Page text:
One of the quirks of being a part of the circus is that there’s a hierarchy of statuses – the workmen come last, after the animals, and the bosses come first, above God. At times of adversity, the workmen who can be disposed of, are disposed off of, by throwing them off of running trains. Jacob discovers that this fate is not limited to workmen alone, though, and is open to be used on anyone who dares anger the bosses. As Jacob and Marlena fall in love, Jacob sets himself to be the best man to be thrown off the train and down a gorge. But Jacob is smart, Marlena sharp and Rosie, the Bull, is hilariously and cunningly terrific.

Rosie is a delight, the star attraction of the book – she steals from people’s backyards, steals all the water and lemonade, drinks alcohol like a skunk, and doesn’t understand a word of English. As August vents out his misgivings about Jacob and Marlena, the failings of the show, he harms Rosie in vengeance, going so far as to throw a lit cigarette into her mouth. And in the end, Rosie has her own smart ass way of getting back at him, and how!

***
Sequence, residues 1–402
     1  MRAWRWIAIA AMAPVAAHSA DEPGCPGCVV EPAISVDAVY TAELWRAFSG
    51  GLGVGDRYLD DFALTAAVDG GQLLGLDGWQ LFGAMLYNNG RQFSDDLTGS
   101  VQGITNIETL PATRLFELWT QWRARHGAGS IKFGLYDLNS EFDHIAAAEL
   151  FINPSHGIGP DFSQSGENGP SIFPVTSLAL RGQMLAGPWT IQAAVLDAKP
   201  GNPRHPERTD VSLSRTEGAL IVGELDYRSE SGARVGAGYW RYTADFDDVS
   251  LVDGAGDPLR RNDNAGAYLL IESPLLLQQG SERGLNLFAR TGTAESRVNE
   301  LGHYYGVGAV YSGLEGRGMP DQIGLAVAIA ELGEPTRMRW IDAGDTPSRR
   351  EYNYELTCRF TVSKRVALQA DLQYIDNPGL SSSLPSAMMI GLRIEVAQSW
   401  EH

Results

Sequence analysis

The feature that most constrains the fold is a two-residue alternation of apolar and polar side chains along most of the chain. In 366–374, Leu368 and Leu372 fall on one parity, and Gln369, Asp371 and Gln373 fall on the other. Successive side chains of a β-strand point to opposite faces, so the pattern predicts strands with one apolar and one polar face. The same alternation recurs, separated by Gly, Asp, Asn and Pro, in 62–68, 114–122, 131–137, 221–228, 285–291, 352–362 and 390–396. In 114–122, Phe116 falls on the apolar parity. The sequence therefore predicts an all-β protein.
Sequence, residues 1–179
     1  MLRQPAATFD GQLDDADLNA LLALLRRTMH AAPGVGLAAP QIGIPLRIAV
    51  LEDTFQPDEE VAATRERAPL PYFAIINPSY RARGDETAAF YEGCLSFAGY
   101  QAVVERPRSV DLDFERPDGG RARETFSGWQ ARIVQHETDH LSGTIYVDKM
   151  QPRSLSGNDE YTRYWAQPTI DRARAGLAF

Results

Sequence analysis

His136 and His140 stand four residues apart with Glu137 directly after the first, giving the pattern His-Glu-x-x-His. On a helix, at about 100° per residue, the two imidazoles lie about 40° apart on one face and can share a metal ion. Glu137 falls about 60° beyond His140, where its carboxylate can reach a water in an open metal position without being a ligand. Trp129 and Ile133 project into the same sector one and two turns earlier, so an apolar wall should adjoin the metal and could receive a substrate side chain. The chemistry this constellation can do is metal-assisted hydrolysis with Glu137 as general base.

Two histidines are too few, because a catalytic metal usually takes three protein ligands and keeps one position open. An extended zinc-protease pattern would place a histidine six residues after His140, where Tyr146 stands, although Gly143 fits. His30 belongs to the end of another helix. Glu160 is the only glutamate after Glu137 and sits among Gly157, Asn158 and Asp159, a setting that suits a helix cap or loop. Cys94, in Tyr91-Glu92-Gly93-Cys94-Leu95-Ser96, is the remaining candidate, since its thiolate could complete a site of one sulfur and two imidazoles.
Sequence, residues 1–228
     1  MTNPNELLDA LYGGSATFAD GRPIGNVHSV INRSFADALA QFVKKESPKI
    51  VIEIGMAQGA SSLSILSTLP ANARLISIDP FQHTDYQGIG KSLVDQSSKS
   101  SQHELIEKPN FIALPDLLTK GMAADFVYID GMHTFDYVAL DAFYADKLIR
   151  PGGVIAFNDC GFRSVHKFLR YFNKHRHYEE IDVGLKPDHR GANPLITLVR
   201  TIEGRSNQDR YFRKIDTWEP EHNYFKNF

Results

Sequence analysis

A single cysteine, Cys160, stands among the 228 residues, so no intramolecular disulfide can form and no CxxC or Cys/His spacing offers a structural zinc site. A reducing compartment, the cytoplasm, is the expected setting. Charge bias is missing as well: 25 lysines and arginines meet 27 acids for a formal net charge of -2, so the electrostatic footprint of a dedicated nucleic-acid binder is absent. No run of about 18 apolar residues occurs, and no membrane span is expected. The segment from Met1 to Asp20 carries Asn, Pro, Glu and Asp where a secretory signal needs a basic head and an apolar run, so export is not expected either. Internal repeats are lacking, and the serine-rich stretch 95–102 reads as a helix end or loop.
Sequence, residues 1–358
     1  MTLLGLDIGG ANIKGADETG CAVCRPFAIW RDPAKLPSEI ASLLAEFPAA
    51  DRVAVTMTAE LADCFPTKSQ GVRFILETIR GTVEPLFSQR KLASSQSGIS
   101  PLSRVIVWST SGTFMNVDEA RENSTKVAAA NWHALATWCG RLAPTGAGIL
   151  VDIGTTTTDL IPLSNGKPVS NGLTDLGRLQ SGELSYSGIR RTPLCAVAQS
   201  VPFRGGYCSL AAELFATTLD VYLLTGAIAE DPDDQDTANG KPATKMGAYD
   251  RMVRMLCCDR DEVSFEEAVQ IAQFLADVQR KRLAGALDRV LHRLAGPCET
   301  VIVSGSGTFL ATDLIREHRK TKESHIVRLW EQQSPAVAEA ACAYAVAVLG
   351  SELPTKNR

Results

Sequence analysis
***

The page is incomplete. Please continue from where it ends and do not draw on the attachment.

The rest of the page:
The only issue I have with the book is that the character of Marlena was under developed and, worse still, she turns out to be a Mary Sue. Tsk. The best part, however, is that some of the scenes that stand out in the book are borrowed from true stories, like those of Rosie’s adventures.

I’d give Water for Elephants a 4/5 for being such a thoroughly enjoyable book, an almost perfect page turner meant for a long weekend. You might give it a higher rating if you visited a circus, or rode a horse, or even touched an elephant’s tough skin, while reading the book.

PS: The movie that goes by the same name does not hold a candle to the book.

One Day

This is my review of One Day, by David Nicholls.

Nicholls is a well-known screenwriter, and wrote the screenplay for  Starter for 10 (and the novel on which it was based), which is a charming indie-ish comedy about quizzing. One Day has also been adapted for the big screen, but does not translate nearly as well.

One Day is a stereotypical romance novel, except it’s not. Nicholls seems to revel in de-romanticizing relationships and situations.

The story is almost simplistic. Dexter Mayhew and Emma Morley are two university graduates who meet by chance on the day of their graduation. Despite a brief attempt at romance, they decide to remain friends. The book follows them and their relationship over nearly 20 years, from 1988 to 2006.